2
$\begingroup$

I found some of my questions marked as community ? I request you to kindly tell me what it is all about.

EDIT :

this is the question.

EDIT: This question is about why some questions have "Community" listed where usually one finds the last user to have modified a post in the thread.

$\endgroup$
8
$\begingroup$

It would help if you link to the one that is so marked.

I see two interpretations to this question:

  1. Your question is marked as "Community Wiki". That happens either because you've edited it too many times and triggered the automatic wikification (See this meta thread also), or because your question is a "soft" or a "big-list" question so that a moderator decided that it should be community wiki (as the question does not have a single correct answer).
  2. You saw one of your questions appear on the front page after being bumped by the "Community" user. This happens to questions for which the questioner hasn't accepted an answer, and none of the existing answers have sufficiently many votes. This is the StackExchange platform periodically bringing unsolved questions back to the front page to get more exposure, and hopefully resolution.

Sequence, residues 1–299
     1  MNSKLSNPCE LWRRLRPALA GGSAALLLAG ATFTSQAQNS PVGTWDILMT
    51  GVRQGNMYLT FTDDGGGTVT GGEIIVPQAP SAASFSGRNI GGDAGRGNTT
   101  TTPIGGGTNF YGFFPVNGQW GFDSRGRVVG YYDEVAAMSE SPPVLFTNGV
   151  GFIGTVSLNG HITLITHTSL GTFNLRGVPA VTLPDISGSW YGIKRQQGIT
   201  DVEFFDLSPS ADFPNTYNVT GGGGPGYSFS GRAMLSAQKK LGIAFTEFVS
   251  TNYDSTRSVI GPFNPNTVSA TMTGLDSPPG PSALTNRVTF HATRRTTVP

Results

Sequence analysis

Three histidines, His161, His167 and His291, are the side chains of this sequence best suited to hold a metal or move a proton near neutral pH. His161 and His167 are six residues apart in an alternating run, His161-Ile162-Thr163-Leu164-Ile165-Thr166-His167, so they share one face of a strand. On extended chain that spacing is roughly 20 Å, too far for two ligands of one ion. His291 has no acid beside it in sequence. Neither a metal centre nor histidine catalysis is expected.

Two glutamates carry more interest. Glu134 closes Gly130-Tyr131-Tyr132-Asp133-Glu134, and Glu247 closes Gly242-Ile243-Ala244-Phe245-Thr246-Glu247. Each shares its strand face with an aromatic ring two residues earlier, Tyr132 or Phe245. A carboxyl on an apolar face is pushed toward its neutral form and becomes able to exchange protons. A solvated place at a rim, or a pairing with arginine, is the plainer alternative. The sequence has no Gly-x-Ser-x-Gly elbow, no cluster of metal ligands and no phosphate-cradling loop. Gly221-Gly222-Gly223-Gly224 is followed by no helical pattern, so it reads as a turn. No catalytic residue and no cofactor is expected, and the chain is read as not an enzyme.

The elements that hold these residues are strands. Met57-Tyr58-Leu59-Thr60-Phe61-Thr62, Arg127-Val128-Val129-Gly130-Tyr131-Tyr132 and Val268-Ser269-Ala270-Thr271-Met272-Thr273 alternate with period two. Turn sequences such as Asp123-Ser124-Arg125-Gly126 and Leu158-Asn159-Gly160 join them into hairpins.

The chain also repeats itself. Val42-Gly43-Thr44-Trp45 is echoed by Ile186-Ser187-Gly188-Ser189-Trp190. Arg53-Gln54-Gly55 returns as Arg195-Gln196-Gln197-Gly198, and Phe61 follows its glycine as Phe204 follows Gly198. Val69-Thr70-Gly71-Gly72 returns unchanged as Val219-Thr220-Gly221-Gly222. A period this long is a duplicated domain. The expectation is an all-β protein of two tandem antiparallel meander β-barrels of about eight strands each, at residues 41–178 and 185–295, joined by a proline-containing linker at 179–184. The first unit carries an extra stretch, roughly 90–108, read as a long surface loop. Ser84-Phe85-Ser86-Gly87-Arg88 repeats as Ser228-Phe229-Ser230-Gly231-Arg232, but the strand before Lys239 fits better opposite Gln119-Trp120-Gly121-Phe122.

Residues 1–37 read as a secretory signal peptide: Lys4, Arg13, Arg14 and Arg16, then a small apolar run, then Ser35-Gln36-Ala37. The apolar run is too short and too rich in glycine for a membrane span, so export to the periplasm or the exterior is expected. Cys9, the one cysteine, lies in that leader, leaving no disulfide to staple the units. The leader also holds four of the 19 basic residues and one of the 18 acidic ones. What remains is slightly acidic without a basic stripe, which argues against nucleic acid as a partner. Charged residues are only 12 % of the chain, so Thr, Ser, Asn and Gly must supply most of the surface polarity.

Until you give more information, I have no idea which of the two (or perhaps a third option) you actually mean.

$\endgroup$
8
$\begingroup$

If you go to the "User page" for Community (say, by clicking on the name), you will see in its description:

Hi, I'm not really a person.

I'm a background process that helps keep this site clean!

I do things like

  • Randomly poke old unanswered questions every hour so they get some attention
  • Own community questions and answers so nobody gets unnecessary reputation from them
  • Own downvotes on spam/evil posts that get permanently deleted

So your question got "randomly poke[d]" because it is "unanswered" (i.e., has no accepted answer and no upvoted answers).

$\endgroup$
  • 2
    $\begingroup$ On StackExchange, "unanswered" means "has no upvoted answer". blog.stackoverflow.com/2008/09/ok-now-define-answered $\endgroup$ – Rahul Mar 18 '11 at 19:52
  • 4
    $\begingroup$ @Rahul: To be more precise: no upvoted answers and no accepted answer. Thanks. $\endgroup$ – Arturo Magidin Mar 18 '11 at 19:54
  • $\begingroup$ Oh, right. Thanks for the correction. $\endgroup$ – Rahul Mar 18 '11 at 19:55

You must log in to answer this question.

Not the answer you're looking for? Browse other questions tagged .